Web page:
Quetta [Pakistan], February 15 (ANI): Fearing targeted extremism and an uncertain future in Pakistan, many Hazara youths are undertaking perilous journeys to Australia and Europe.
Rafiullah Mandokhail, a Balochistan-based journalist, writing in The Express Tribune said that the Hazara community, a minority population in Pakistan has been victimized by a decade of unrest that has rattled Quetta, the capital of Balochistan province.
Quetta was once known as 'Little Paris' because of its rich tradition and tribal customs - home to Pashtuns, Baloch, and more than half a million Hazaras.
But over the years, the city lost its reputation as a cultural hub as news of bomb blasts and other terrorist activity there became common.
People from ethnic minorities, especially Hazaras who are mainly Shia Muslims became the targets of indiscriminate attacks carried out by extremist groups including the so-called Islamic State, said Mandokhail.
Hazara Democratic Party estimated that around 3,000 Hazara have been killed in Quetta. Children of slain Hazara have been orphaned and their wives widowed by sectarian violence in the province that has escalated at an alarming rate in the last decade.
According to a 2018 report from the National Commission for Human Rights, 500 Shia Hazaras have been killed in targeted attacks in five years.
Increasing unrest also pushed Hazara youth -- many of whom are teenagers -- out of Quetta toward Europe and Australia. Leaving behind educational opportunities, work and family, they've undertaken journeys fraught with danger in search of a better future, reported The Express Tribune.
Among the young people who have left Quetta is Kashif Hussain, who started his journey to Europe in 2013. At the time, Kashif had just passed the matriculation exam and completed a diploma in English language and computer.
But his trip was long and perilous as Kashif had to put his faith in unscrupulous human traffickers, said Mandokhail. For ten days, he travelled from Pakistan to the Iranian capital of Tehran across the Taftan-Balochistan border. From there, Kashif walked for 35 hours across the border to Turkey. Kashif arrived in Greece after passing through Turkey.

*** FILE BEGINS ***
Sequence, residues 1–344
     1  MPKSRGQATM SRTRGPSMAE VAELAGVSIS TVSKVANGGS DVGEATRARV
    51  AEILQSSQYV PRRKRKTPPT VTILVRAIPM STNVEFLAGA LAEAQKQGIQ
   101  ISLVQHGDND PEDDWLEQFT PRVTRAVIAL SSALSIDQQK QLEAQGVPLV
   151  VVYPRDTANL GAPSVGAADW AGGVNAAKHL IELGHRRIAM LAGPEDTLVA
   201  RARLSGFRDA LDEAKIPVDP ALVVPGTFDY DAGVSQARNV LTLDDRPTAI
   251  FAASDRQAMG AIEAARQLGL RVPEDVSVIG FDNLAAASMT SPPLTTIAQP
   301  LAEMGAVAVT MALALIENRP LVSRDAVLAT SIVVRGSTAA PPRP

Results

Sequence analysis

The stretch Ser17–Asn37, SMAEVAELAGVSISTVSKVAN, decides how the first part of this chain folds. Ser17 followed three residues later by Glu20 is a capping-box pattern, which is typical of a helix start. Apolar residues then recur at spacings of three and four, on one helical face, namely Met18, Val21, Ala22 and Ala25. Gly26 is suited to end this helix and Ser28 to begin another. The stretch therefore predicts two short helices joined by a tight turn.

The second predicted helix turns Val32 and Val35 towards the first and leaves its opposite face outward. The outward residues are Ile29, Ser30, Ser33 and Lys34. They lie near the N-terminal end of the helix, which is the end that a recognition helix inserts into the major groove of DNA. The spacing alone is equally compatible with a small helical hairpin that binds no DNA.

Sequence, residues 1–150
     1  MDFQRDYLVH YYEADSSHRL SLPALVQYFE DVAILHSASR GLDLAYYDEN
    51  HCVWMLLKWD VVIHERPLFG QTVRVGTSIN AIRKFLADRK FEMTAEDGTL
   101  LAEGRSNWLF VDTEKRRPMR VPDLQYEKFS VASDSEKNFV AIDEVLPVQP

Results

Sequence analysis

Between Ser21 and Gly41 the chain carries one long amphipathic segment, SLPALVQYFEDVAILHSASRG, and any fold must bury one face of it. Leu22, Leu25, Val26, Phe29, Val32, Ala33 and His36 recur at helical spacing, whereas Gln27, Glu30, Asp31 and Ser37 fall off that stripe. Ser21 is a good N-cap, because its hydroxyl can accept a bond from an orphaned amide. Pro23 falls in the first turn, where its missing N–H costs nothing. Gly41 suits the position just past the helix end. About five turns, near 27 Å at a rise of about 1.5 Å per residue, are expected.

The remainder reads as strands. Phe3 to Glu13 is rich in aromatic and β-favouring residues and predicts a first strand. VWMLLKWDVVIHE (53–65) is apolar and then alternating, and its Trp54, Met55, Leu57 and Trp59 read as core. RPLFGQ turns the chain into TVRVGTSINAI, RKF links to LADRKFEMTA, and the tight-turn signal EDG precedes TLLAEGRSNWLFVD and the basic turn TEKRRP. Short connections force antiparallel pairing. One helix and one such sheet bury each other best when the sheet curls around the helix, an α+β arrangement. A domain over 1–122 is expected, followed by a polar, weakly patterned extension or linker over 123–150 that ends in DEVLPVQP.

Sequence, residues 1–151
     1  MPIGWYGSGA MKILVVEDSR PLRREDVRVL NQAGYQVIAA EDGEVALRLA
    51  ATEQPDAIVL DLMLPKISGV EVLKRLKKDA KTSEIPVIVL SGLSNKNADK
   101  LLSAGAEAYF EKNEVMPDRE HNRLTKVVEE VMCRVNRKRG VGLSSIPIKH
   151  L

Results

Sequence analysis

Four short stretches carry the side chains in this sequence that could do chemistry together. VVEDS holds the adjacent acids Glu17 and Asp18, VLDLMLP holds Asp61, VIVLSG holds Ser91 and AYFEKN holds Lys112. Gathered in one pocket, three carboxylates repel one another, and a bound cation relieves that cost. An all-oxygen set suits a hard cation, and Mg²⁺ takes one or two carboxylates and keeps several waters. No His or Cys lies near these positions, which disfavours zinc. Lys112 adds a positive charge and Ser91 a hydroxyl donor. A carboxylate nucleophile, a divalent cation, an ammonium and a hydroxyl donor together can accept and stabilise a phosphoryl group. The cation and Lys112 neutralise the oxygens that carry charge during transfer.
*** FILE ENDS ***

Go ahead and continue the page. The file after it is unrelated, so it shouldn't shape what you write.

After several more months of travelling, he finally reached Sweden, where he spent four years living in a refugee camp. When he arrived in Sweden, he created a Facebook account with a fake name; he still did not want to reveal his identity in Sweden because he still did not have a work permit or citizenship, reported The Express Tribune.
Muhammad Hussain, 31, a resident of Hazara Town in Quetta, undertook a similarly perilous journey to Australia through Indonesia. Before he left for Australia, Muhammad Hussain used to make a living by making signboards and number plates in Hazara Town. But after an uptick in targeted killings in 2010, he decided it was time to leave, said Mandokhail.
Before Hussain left Pakistan, he said there was daily news of Hazara killings in Quetta. "When the targeting of the Hazara community in Quetta escalated, people on way to their offices, schools, and hospitals were targeted," he said.
Like Hussain, many other Hazaras, the majority of whom attempt the journey via illegal routes, have had harrowing experiences trying to escape ethnic and sectarian violence in Balochistan.
But violence at home does not offset the risk faced by Hazaras in exile who are fleeing from every corner of Pakistan, said. (ANI)